Here’s a fab app for keeping track of your lab info docs, vocab lists, and rehab meds.
English speakers have been lopping syllables off words for centuries. And thank goodness for that when it comes to such mouthfuls as taximeter-cabriolet and streptococcus. I’d much rather call a cab or a taxi and talk about avoiding strep-throat.
I can’t help wondering, though, if the English spoken a generation or two in the future will consist of staccato sentences in which words of one and two syllables predominate.
Here are some shortenings already in common use:
doc – document.
exam – examination
fab – fabulous
graph – paragraph
info – information
lab – laboratory
meds – medications
op – opinion/operative/opportunity
promo – promotion (with meaning of advertising)
prep – preparation
rehab – rehabilitation
sax – saxophone
vac – vacuum (I’ve also seen it used as a shortened form of vacation, but I don’t know how that vac is supposed to be pronounced.)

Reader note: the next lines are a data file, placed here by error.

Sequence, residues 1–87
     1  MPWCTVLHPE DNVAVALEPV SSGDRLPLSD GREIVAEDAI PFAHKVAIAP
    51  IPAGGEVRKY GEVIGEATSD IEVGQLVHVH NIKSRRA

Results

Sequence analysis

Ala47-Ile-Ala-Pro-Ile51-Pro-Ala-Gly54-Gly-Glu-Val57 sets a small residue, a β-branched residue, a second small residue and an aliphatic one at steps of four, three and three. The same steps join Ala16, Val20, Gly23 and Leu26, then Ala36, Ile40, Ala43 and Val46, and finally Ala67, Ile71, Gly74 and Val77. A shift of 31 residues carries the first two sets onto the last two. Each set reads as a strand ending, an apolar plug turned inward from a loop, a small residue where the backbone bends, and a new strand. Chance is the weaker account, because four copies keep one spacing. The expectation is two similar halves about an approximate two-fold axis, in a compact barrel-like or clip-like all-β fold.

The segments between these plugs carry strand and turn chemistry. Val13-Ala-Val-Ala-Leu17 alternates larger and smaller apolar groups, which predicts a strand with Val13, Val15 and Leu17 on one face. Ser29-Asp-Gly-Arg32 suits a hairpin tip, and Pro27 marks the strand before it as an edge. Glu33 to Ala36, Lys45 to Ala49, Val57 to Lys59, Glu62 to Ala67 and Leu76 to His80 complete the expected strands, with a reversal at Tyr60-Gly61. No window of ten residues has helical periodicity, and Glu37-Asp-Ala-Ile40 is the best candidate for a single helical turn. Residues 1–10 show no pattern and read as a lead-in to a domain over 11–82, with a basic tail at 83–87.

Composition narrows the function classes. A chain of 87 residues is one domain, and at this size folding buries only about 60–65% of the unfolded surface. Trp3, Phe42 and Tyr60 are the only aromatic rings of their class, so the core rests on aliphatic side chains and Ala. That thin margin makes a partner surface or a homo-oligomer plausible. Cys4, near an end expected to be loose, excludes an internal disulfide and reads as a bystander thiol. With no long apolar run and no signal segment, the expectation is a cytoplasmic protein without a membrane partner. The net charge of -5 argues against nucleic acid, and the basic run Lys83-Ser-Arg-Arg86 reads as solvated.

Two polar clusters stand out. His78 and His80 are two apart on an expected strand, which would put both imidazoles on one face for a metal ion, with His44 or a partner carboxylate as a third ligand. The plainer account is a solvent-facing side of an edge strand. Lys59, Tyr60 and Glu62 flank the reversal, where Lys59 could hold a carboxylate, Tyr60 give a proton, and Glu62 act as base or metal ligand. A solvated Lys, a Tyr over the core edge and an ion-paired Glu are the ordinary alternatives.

vet – veterinarian or veteran
vocab – vocabulary
Some of these shortenings, even the ones I use in my own speech, bother me when I see them in formal writing. Others don’t faze me because I’ve grown used to them.
That’s the way of change in language. What infuriates one generation of speakers is mother’s milk to the next.
I recall reading a novel written in the early 20th century–by Booth Tarkington (1869-1946) I think–in which a young man is chided by one of his parents for using the slangy word “lunch” instead of “luncheon.”
Nowadays lunch is the common word for a meal between breakfast and supper. The word luncheon has not fallen completely out of use, but has acquired an altered meaning. My associations with luncheon include fussy repasts provided by and for ladies in flowered hats, and SPAM luncheon meat.
Is the shortening of words a bad thing?
Not necessarily, but–depending upon the intended audience–writers should probably give some thought to which shortened forms they promote by committing them to print.